3- Equity Asset Valuation by John Stowe [Link]

John Stowe’s Equity Asset Valuation provides readers with a solid, easy-to-understand foundation on the principles of market valuation techniques and theory. Although it doesn’t provide readers with some of the more advanced valuation theories, it does cover all of the basics.

You’ll learn about discounted cash flow, how to determine an investment’s true worth, and various factors that you should take into consideration before purchasing a stock or investing your money into a business. 

4- Financial Modeling For Equity Research: A Step-by-Step Guide to Earnings Modeling and Stock Valuation for Investment Analysis by John Moschella [Link]

Let me just start by saying this book has been incredibly helpful to me. Unlike some of the other books I’ve mentioned, which use a lot of Wall Street jargon and financial terminology, Financial Modeling For Equity Research is written in a manner that’s easy for beginners to understand. 

The author, John Moschella, was inspired to write the book based on his own experience on Wall Street. In his early days, he had to balance working intense overtime with studying and reading outside of work. His motivation for writing this book was to give young investors the easy-to-read information that he wished he had. 

Discounted Cash Flow In Simple Terms

Let’s say that you own a small construction business, for example. So far, the business is doing well, you’re turning a decent profit, and you’re fairly happy with the direction the business is going in. However, you’ve got some big jobs coming up shortly, and you think that you might need to buy a small bulldozer to save you from having to sub-contract another company with a bulldozer.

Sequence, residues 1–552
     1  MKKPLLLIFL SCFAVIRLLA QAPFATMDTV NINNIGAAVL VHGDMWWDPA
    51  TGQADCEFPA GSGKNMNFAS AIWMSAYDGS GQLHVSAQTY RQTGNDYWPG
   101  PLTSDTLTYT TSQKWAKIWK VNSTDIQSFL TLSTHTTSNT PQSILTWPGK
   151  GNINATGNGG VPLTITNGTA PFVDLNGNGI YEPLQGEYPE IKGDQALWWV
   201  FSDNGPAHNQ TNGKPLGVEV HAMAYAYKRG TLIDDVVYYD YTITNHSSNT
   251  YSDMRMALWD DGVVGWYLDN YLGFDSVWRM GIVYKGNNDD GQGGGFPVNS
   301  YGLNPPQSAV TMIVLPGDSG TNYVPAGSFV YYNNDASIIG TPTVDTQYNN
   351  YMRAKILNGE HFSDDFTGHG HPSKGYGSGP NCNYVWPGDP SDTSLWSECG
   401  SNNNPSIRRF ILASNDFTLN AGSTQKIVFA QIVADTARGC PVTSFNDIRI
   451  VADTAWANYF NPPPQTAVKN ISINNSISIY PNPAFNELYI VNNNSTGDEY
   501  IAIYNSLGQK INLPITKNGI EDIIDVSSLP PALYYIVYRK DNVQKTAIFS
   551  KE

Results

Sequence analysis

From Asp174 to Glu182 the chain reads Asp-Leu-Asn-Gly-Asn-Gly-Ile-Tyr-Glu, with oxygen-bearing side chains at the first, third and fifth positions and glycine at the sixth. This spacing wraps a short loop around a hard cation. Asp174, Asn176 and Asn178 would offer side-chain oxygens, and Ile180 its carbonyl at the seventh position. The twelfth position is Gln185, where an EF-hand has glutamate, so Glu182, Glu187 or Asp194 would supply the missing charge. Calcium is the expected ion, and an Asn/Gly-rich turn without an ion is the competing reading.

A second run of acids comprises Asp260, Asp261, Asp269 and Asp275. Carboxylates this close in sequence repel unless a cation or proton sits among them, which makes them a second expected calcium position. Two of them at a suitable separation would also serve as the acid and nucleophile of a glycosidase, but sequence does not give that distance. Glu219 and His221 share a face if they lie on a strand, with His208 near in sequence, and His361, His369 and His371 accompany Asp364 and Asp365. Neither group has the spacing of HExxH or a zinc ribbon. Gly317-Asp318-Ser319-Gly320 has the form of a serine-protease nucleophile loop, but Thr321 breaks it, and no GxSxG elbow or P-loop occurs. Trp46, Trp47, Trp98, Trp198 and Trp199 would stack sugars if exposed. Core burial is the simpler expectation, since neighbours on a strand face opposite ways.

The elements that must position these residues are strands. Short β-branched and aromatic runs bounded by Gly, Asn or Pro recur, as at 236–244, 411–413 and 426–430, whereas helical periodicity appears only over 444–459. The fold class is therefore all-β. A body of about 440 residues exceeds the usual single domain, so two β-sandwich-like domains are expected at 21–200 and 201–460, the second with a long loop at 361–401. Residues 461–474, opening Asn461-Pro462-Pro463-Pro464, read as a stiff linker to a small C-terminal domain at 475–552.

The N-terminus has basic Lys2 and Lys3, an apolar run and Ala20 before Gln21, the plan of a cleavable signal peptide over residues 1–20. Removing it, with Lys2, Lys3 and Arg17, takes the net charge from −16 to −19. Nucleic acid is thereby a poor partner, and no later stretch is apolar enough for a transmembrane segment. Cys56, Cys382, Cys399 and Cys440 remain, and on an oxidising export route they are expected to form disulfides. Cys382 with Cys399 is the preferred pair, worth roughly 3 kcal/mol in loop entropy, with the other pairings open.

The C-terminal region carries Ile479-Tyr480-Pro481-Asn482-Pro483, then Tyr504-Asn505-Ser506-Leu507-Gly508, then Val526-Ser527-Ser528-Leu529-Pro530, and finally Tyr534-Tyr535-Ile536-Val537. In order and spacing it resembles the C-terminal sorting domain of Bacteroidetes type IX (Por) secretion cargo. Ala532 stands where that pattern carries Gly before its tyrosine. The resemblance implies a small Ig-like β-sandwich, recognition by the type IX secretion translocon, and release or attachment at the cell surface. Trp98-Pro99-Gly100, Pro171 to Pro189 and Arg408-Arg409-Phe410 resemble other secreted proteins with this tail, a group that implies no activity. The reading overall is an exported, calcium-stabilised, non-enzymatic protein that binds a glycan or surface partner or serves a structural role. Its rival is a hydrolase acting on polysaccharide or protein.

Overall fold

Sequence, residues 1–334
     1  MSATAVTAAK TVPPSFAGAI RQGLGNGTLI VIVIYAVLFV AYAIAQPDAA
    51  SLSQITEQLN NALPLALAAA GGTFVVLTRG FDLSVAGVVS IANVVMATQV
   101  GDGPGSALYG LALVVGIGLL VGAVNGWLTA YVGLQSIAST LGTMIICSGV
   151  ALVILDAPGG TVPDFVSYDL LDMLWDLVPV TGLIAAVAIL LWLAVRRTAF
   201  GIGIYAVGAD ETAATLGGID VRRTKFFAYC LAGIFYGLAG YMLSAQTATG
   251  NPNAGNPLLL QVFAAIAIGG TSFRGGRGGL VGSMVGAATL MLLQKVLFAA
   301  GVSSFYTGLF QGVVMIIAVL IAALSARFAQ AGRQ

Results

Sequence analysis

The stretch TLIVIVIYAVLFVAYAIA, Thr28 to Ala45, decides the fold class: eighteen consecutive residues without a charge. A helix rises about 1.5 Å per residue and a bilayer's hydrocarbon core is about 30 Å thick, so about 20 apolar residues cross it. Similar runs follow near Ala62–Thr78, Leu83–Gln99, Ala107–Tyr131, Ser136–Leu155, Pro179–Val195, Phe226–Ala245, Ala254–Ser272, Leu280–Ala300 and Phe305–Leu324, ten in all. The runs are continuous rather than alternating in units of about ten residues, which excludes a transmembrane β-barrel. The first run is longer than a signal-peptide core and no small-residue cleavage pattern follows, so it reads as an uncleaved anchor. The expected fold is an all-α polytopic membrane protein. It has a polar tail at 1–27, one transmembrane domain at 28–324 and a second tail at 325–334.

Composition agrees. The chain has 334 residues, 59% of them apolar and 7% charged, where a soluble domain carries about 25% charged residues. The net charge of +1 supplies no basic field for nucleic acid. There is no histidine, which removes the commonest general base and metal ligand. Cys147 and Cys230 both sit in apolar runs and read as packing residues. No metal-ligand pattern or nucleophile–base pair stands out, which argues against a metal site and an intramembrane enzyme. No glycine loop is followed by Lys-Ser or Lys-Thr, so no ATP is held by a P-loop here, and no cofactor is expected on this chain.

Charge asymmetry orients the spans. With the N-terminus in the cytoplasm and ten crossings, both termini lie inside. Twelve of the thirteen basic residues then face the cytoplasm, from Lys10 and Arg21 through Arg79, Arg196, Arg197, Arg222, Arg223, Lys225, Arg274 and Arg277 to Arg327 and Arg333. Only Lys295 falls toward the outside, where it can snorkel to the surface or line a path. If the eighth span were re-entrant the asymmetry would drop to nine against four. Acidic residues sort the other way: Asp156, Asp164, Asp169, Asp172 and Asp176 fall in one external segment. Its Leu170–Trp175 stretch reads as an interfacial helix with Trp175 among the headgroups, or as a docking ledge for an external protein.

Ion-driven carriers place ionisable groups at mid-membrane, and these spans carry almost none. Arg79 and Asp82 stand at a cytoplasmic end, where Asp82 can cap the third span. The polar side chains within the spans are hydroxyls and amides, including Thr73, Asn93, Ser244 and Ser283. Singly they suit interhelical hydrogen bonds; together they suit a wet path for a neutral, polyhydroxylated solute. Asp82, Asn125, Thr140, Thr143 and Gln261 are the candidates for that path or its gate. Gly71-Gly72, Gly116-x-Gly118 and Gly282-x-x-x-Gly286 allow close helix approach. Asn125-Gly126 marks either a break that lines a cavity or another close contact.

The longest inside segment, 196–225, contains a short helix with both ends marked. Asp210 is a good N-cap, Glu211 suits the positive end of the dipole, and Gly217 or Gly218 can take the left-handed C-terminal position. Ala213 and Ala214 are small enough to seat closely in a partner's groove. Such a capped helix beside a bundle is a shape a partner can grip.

The one thing is- bulldozers are expensive. Before you go out and spend a lot of money on one, you’ll want to sit down with your accountant and figure out whether or not it’s a good investment or not. As long as the bulldozer can pay for itself and make you a profit over the next few years, then it’s generally a good investment. On the other hand, if it can’t make you the profit that you need, then it would be a bad investment, and you’d be better off dealing with your sub-contractor. 

In order to evaluate this, your accountant will likely use a formula for calculating the discounted cash flow that the potential asset will produce. They’ll take things into account such as:

  • How much does the asset cost? 
  • How much will it cost to insure the asset? 
  • What are the average maintenance costs? 
  • How much potential profit can the asset generate? 
  • Will owning the asset open the doors to new jobs and clients? 

If they can crunch the numbers and calculate the asset will make you money over time, then that means it will have a positive discounted cash flow. 

Although this was a more simplistic example, the same valuation process also applies to investments such as:

  • Investing in the stock market by purchasing stocks, ETFs, or index funds
  • Investing in a start-up company. 
  • Starting a new business. 
  • And more!